The relationship between riskscore and clinical characteristics. A Univariate Cox regression; B Multivariate Cox regression; C Heatmap demonstrating the association among the riskscore, the expression of 9 CRRICRGs and UCEC clinical characteristics including stage, grade and age; D-F The relationship between signature and clinicalpathological chracteristics. Patients in high -risk group were more frequently older with poorly differentiated (high-grade) tumors and advanced tumors stage; G-L Stratified analysis of survival of UCEC patients according to age, grade and stage

Developing a nomogram that incorporates clinical characters

The above results suggest that the clinicopathological features and the CRRICRGs-based signature were associated with the prognostic outcome of UCEC patients. To graphically evaluate the survival probability of an individual, a nomogram that integrated clinical variables and prognostic signature was developed based on the TCGA-UCEC dataset to predict the 1-, 3- and 5-year survival time of UCEC patients (Fig. 5A). Furthermore, the calibration plot indicated that the nomogram operated in line with the ideal model (Fig. 5B).

Fig. 5
figure 5

Construction of a predictive nomogram. A Nomogram to predict the 1-, 3- and 5-year survival of UCEC patients; B Calibration curve for the nomogram model

PPI and functional analyses between High-risk and Low-risk groups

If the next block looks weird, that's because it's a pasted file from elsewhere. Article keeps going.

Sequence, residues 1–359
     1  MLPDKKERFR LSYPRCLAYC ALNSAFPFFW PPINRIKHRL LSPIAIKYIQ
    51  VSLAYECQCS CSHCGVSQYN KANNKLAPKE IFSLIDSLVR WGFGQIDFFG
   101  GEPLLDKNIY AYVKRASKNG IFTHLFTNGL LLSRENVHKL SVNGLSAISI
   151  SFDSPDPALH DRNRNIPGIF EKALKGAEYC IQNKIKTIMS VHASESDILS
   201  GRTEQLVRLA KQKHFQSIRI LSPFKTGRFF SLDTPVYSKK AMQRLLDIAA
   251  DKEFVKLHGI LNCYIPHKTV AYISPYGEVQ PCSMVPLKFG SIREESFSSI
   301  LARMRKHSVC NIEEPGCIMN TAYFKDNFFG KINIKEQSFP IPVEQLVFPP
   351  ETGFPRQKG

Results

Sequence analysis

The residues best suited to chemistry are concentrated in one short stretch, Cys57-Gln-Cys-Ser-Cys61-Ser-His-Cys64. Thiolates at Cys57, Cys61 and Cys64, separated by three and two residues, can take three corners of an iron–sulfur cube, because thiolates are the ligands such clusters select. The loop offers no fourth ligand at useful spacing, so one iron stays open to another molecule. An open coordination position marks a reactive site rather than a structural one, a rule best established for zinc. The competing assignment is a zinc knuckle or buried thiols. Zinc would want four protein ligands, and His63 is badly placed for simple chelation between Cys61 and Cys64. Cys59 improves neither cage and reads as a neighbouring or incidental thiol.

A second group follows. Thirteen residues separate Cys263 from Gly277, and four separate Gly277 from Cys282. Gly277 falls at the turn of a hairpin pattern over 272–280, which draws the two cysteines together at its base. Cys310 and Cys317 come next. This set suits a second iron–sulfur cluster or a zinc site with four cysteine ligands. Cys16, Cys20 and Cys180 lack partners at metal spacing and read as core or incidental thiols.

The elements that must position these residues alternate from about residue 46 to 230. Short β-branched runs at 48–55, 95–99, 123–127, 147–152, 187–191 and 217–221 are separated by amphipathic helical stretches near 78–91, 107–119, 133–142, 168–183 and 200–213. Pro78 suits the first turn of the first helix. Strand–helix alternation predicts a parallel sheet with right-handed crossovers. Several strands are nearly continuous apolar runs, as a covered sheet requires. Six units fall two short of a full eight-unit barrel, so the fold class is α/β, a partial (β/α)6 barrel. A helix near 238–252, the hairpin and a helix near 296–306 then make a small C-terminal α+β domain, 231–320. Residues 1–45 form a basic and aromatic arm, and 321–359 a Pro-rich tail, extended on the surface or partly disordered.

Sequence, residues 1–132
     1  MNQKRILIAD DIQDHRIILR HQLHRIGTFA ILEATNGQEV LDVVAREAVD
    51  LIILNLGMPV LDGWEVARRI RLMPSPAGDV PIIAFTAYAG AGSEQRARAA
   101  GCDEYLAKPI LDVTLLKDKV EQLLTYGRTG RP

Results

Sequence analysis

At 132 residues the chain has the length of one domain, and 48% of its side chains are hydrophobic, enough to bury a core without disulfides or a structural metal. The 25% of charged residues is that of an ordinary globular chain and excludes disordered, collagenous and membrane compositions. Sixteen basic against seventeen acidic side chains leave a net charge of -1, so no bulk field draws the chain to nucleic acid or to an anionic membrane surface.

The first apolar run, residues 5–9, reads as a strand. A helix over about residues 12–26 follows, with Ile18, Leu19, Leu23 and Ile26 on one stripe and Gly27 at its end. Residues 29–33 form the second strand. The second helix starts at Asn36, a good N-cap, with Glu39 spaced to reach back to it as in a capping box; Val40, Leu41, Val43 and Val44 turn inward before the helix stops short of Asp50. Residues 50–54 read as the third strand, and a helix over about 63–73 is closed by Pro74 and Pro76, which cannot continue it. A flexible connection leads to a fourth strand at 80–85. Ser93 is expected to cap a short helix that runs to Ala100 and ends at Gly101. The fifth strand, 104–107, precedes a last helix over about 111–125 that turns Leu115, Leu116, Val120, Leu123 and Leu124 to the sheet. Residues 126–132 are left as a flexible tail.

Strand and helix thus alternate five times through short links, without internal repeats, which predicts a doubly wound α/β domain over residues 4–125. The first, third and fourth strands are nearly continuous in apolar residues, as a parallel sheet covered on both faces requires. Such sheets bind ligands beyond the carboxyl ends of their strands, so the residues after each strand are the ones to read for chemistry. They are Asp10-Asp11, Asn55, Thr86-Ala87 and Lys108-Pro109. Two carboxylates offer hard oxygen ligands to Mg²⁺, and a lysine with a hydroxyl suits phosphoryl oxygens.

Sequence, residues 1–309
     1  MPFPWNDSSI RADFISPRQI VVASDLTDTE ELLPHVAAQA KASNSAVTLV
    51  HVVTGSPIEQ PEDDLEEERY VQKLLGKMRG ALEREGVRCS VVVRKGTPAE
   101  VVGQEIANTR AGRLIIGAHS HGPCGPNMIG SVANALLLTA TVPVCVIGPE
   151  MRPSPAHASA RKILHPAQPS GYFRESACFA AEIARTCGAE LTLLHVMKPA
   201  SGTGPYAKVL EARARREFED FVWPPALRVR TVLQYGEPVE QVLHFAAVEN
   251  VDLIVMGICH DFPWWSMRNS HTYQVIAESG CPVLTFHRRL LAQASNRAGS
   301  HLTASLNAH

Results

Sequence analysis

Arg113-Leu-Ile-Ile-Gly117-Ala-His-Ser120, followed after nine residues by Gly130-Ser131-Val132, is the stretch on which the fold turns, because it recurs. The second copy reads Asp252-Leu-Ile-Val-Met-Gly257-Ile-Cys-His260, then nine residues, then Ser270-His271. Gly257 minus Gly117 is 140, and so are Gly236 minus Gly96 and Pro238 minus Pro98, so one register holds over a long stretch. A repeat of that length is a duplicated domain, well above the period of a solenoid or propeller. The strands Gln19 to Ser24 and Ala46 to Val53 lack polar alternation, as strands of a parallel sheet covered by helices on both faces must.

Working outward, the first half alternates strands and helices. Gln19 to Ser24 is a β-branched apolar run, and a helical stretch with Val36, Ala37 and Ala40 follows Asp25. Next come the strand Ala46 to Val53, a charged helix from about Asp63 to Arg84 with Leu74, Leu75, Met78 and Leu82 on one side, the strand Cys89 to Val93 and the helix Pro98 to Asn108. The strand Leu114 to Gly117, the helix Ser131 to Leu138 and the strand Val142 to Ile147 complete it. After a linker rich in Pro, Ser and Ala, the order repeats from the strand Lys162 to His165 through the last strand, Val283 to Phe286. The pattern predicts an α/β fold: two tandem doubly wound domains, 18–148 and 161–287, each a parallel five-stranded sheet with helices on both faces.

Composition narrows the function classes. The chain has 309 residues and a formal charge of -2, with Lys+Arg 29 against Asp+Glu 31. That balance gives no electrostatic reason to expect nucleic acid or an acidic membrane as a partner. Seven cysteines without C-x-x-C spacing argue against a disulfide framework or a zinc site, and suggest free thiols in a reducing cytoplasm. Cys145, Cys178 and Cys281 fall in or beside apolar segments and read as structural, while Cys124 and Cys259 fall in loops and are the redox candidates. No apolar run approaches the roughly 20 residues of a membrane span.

The correlation of 9 genes was shown in Fig. 6E. The PPI network of the prognostic 9 CRRICRGs was constructed using STRING database and suggested that HLA-G and CD40LG may be the hub genes (Fig. 6F). On the other hand, biological process (BP) analyses showed that T cell activation, positive regulation of lymphocyte activation, and positive regulation of leukocyte activation are the biological activities in which the 9 CRRICRGs are primarily involved (Fig. 6A). The result of cellular component (CC) analysis showed that the 9 CRRICRGs are involved in the composition of the external side of the plasma membrane, the integral component of the luminal side of the endoplasmic reticulum membrane, and MHC protein complex (Fig. 6B). Tumor necrosis factor-activated receptor activity, death receptor activity, and peptide antigen binding were mainly enriched according to the molecular function (MF) analysis (Fig. 6C). KEGG pathways analysis also indicated that CRRICRGs are enriched in several immune- and metabolism-related pathways (Fig. 6D). GSEA analysis was performed, and the enriched pathways in the high-risk group are presented in Supplement Fig. 4.